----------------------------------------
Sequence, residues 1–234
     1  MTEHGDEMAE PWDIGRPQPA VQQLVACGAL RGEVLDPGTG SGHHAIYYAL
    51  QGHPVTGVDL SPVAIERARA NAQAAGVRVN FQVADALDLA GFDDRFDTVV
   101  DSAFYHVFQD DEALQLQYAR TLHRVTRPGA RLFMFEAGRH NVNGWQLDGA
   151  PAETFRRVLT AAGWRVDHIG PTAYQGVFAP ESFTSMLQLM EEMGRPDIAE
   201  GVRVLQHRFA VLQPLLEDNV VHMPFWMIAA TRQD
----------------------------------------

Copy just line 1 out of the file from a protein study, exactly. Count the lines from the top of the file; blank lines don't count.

Sequence, residues 1–234